As noted, Stone seems to be struggling to answer why he was discussing John Podesta on August 14.

To be sure, Stone was talking to Corsi on August 14 or 15. On August 15, Corsi published an interview with Stone, in which he claimed to have been badly hacked and described what he expected would come next from WikiLeaks.

But nothing in the interview mentions Podesta.

Stone’s descriptions of what WikiLeaks might dump next in that interview could reflect the BCCed James Rosen email reporting that WikiLeaks would dump Clinton Foundation documents in September, but the information he laid out went far beyond that email (and promised an October surprise, not a September dump).

“In the next series of emails Assange plans to release, I have reason to believe the Clinton Foundation scandals will surface to keep Bill and Hillary from returning to the White House,” he said.

[snip]

In a speech Southwest Broward Republican Organization in Florida, published Aug. 9 by David Brock’s left-wing website Media Matters, Stone said he had “communicated with Assange.”

“I believe the next tranche of his documents pertain to the Clinton Foundation, but there is no telling what the October surprise may be,” he said.

Stone told WND that Assange “plans to drop at various strategic points in the presidential campaigns Hillary Clinton emails involving the Clinton Foundation that have yet to surface publically.”

“Assange claims the emails contain enough damaging information to put Hillary Clinton in jail for selling State Department ‘official acts’ in exchange for contributions to the Clinton Foundation and as a reward for Clinton Foundation donors becoming clients of Teneo, the consulting firm established by Bill Clinton’s White House ‘body man’ Doug Band,” he said.

That same day, August 15, is the first time Stone ever mentioned Podesta on Twitter.

Stone claims (and claimed, in sworn testimony) that his focus on John Podesta was a response to the allegations against Manafort. That makes the confluence of all these events all the more interesting.

Corsi’s lawyer claims he avoided criminal liability

As noted above, Jerome Corsi has explained what he knows of all this in a September 21 grand jury appearance, a grand jury appearance that Mueller seems to have been working towards since having Ted Malloch questioned way back in March.

In advance of that testimony, Corsi’s attorney David Grey seemed to suggest that Corsi declined to participate in certain activities involving Stone that might have exposed him to criminal liability.

Gray said he was confident that Corsi has done nothing wrong. “Jerry Corsi made decisions that he would not take actions that would give him criminal liability,” he added, declining to elaborate.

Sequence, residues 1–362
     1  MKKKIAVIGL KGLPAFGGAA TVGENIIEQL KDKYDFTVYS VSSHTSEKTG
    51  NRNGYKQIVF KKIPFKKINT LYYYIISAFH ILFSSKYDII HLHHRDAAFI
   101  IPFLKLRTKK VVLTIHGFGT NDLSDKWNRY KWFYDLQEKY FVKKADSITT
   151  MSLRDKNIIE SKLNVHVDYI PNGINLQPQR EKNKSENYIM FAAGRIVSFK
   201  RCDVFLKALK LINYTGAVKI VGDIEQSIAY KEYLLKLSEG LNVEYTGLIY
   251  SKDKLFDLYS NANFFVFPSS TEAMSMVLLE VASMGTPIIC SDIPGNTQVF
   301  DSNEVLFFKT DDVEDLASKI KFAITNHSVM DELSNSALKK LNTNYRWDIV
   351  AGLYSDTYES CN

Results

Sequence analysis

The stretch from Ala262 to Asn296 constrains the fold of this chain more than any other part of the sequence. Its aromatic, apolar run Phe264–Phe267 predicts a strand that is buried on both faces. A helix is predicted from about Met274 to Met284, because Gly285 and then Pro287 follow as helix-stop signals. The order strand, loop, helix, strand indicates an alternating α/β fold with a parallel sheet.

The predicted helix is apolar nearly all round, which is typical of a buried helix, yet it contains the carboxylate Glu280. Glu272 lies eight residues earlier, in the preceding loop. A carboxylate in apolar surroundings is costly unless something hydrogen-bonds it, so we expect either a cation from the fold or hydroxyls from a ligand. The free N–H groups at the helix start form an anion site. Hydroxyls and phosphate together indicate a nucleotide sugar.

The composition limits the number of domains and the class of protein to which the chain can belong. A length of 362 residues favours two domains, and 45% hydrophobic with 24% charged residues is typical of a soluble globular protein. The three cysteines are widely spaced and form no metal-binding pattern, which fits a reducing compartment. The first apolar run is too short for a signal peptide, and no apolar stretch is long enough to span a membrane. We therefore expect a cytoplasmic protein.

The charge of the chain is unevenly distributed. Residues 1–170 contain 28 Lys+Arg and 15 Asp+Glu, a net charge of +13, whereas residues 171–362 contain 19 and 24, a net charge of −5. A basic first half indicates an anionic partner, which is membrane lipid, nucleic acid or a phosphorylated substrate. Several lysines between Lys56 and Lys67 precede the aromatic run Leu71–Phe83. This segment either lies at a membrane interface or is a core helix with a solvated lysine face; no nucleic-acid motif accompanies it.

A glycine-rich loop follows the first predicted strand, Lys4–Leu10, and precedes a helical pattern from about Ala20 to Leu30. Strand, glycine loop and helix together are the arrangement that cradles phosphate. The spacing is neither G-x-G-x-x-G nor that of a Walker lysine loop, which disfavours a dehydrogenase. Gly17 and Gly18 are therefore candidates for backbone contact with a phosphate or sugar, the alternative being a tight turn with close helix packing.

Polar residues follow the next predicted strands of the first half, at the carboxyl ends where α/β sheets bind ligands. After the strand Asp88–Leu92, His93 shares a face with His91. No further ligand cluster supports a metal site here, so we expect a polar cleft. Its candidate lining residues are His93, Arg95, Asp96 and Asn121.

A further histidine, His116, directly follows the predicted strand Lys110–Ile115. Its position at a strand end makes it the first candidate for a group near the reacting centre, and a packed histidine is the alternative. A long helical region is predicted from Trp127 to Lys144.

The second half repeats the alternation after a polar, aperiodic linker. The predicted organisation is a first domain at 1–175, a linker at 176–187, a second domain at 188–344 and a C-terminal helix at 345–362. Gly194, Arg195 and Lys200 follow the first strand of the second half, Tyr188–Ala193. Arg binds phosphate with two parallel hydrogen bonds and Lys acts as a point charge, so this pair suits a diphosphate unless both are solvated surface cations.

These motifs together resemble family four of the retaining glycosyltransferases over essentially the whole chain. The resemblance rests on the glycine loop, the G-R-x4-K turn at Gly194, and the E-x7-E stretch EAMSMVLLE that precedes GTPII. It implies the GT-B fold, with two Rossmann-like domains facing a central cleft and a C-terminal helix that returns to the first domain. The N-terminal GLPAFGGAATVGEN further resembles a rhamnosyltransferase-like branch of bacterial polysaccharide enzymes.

Asked if Corsi had opportunities to take such actions, Gray said, “I wouldn’t say he was offered those opportunities. I would say he had communications with Roger Stone. We’ll supply those communications and be cooperative. My client didn’t act further that would give rise to any criminal liability.”

But Mueller is apparently now chasing down Corsi’s associates.

FBI agents have recently been seeking to interview Corsi’s associates, according to the person.

One other key player in the Podesta hand-off conflated the Podesta brothers

The close ties between how Stone focused on both Podesta brothers in response to the public allegations against Manafort is interesting for another reason.

Former Ambassador Craig Murray, the only one not denying some role in the handoff of the Podesta emails (again, he has said he didn’t get the emails themselves, which he believed were already with WikiLeaks, but something associated with them).

Murray told Scott Horton that his source had obtained whatever he received from a figure in American national security with legal access to the information.

[H]e says “The material was already, I think, safely with WikiLeaks before I got there in September,” though other outlets have suggested (with maps included!) that’s when the hand-off happened. In that account, Murray admits he did not meet with the person with legal access; he instead met with an intermediary.

But the explanation of his source’s legal access and motivation not only doesn’t make sense, but seems to parrot what Stone was saying at the time.

I also want you to consider that John Podesta was a paid lobbyist for the Saudi government — that’s open and declared, it’s not secret or a leak in a sense. John Podesta was paid a very substantial sum every month by the Saudi government to lobby for their interests in Washington. And if the American security services were not watching the communications of the Saudi government paid lobbyist then the American intelligence services would not be doing their job. Of course it’s also true that the Saudis’ man, the Saudis’ lobbyist in Washington, his communications are going to be of interest to a great many other intelligence services as well.

As Stone did, this conflates John and Tony. It wrongly suggests that US national security officials would be collecting all of Tony Podesta’s emails, or that collecting on Tony would obtain all of John’s emails. All the more interesting, this conflation would have come in a period when Manafort’s lifelong buddy, Stone, was trying to distract attention from Manafort’s own corruption — which included telling Tony not to disclose the influence-peddling he had done for Manafort in the legally required manner — by projecting Manafort’s corruption onto Tony.

One more point about Murray. Murray has ties (including through the Sam Adams Association the awards ceremony for which he was in DC attending) to NSA whistleblowers Bill Binney (Murray received the award in 2005 and Binney received it in 2015) and Kirk Wiebe. This claim that US law enforcement would collect everything (including Hillary’s deleted emails) is the kind of line that Binney was pushing at the time, including to Andrew Napolitano, who was CCed on the email Stone received about WikiLeaks’ plans in July. Napolitano is one of the people who has championed that Binney line about the hack.